A coalition of 18 attorneys general are asking the Ninth Circuit to take another look at a recent opinion by the court that determined that California’s ban on the possession or sale of so-called large capacity magazines violates the Second Amendment rights of residents.
Washington, D.C. Attorney General Karl Racine, along with the AGs of Connecticut, Delaware, Hawaii, Illinois, Maryland, Massachusetts, Michigan, Minnesota, New Jersey, New Mexico, New York, Oregon, Pennsylvania, Rhode Island, Vermont, Virginia, and Washington, argue that both U.S. District Judge Roger Benitez and a three judge panel on the Ninth Circuit Court of Appeals erred in determining that California’s magazine ban is unconstitutional. Instead, they claim that the ban is simply “a common-sense reform” put in place by a number of states in order to “reduce the number of injuries and deaths resulting from the gun violence that plagues our nation.”
The request for an en banc review of the decision in Duncan v. Becerra, as the case is known, was first made by California Attorney General Xavier Becerra back on August 28th, and I’d say it’s a near certainty that the Ninth Circuit will grant the request. That doesn’t mean, however, that the appellate court will reverse the decision of Judge Benitez and the three-judge panel of Ninth Circuit judges. Nor does it mean that the arguments of the anti-gun attorneys general have much merit.
As Judge Kenneth Lee noted in the Ninth Circuit’s opinion in Duncan v. Becerra, states have a legitimate interest in protecting the public, but that doesn’t mean that legislators can impose whatever restrictions they like in the name of public safety. “Even well intentioned laws must pass constitutional muster,” Lee opined, and California’s ban on commonly owned magazines fails that test.
California’s law imposes a substantial burden on this right to self-defense. The ban makes it criminal for Californians to own magazines that come standard in Glocks, Berettas, and other handguns that are staples of self defense. Its scope is so sweeping that half of all magazines in America are now unlawful to own in California.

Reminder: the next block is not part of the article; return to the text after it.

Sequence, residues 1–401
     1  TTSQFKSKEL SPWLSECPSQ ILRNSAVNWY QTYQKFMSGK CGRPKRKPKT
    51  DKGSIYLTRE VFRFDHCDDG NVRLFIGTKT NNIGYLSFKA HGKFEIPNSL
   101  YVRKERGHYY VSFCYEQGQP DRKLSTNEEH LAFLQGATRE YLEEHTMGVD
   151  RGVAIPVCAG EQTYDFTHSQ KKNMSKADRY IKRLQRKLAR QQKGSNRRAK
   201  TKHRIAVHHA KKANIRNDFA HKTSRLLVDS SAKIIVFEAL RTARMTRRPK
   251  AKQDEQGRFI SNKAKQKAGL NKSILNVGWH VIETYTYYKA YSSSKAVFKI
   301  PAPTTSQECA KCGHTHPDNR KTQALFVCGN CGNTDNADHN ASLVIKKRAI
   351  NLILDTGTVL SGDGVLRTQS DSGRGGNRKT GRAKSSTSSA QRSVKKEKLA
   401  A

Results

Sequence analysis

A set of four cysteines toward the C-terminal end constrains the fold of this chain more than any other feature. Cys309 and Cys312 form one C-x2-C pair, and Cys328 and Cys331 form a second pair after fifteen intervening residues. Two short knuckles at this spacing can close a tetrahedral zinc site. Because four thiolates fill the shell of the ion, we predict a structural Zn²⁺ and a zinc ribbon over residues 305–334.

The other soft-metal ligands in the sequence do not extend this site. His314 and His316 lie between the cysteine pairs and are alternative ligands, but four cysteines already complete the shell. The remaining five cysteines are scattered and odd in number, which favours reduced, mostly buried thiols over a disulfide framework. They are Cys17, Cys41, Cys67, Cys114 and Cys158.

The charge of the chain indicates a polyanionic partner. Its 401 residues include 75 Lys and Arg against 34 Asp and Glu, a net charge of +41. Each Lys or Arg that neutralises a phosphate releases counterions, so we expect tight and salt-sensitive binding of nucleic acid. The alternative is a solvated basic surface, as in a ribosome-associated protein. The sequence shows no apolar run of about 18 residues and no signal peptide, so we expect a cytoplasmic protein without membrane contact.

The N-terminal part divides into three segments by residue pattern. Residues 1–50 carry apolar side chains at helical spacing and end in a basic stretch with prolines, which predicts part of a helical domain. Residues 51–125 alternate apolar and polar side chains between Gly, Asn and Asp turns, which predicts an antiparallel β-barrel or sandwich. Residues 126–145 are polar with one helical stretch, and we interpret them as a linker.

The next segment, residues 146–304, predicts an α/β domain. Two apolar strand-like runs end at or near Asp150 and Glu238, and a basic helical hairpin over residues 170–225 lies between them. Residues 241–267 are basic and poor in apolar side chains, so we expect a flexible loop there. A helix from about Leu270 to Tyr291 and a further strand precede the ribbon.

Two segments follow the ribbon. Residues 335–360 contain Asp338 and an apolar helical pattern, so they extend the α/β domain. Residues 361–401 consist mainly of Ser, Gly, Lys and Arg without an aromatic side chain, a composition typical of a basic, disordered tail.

Even law-abiding citizens, regardless of their training and track record, must alter or turn over to the state any LCMs that they may have legally owned for years — or face up to a year in jail. The state of California has latitude in enacting laws to curb the scourge of gun violence, and has done so by imposing waiting periods and many other limitations. But the Second Amendment limits the state’s ability to second guess a citizen’s choice of arms if it imposes a substantial burden on her right to self-defense.
Many Californians may find solace in the security of a handgun equipped with an LCM: those who live in rural areas where the local sheriff may be miles away, law-abiding citizens trapped in high-crime areas, communities that distrust or depend less on law enforcement, and many more who rely on their firearms to protect themselves and their families. California’s almost blanket ban on LCMs goes too far in substantially burdening the people’s right to self-defense.
The brief by the anti-gun AGs basically amounts to “nuh-uh.” The AGs claim that the decisions out of the Ninth Circuit “give short shrift to states’ ability to enact reasonable public safety regulations,” ignoring the fact that the courts have declared that California’s ban on magazines that can accept more than ten rounds simply isn’t reasonable. As the Supreme Court has made clear in both the Heller and Caetano cases, the Second Amendment applies to arms that are in common use for a variety of lawful purposes.
That’s certainly the case with so-called large capacity magazines, which, as Judge Lee noted, comprise more than half of all magazines in the country. The fact that criminals also use these same magazines in the commission of violent crime doesn’t negate their usefulness for legal gun owners, nor does the criminal misuse of firearms or magazines give states the ability to pretend the Second Amendment doesn’t exist.
Based on the logic by Racine and his fellow attorneys general, any gun control law that’s approved by lawmakers should be considered “reasonable” as long as they can claim some sort of public safety benefit, regardless of the impact to legal gun owners. It’s a bizarre interpretation of the Constitution that, if adopted by the courts, would render the Second Amendment a dead letter and a hollow right.
The Ninth Circuit may choose to rehear the Duncan case, but it should absolutely reject the legal arguments of the state of California and its anti-gun allies and uphold the two decisions that have both found the constitutional flaws in California’s magazine ban.